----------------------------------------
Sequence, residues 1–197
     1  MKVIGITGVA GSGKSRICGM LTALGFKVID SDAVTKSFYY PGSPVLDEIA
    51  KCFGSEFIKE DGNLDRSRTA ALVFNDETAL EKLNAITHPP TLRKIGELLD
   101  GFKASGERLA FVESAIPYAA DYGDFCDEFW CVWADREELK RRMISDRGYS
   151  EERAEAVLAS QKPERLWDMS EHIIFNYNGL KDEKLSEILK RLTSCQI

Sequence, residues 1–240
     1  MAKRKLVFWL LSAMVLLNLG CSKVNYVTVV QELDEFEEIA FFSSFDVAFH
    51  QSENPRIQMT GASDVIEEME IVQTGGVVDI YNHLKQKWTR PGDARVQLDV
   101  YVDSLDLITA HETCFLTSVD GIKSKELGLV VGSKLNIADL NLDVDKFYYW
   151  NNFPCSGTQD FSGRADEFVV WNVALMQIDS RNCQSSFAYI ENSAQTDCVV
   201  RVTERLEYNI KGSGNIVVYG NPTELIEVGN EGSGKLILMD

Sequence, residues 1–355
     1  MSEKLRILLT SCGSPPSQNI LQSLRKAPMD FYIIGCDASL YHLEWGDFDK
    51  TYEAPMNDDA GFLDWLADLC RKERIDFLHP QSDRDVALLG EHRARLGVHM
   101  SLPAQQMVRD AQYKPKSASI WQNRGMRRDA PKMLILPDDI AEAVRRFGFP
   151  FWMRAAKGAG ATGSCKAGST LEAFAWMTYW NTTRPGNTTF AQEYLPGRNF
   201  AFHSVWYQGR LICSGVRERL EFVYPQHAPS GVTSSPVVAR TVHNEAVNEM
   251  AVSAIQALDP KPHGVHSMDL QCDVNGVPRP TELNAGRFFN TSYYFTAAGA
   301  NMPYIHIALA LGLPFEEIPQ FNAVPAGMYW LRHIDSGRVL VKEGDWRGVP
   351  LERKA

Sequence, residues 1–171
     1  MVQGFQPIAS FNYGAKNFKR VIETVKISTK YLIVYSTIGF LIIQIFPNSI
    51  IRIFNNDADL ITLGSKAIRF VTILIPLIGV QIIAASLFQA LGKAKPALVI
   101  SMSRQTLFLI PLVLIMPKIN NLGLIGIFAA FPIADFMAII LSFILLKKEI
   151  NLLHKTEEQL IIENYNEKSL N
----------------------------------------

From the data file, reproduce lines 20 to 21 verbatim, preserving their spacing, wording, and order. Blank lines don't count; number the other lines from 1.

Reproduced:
   351  LERKA

Sequence, residues 1–171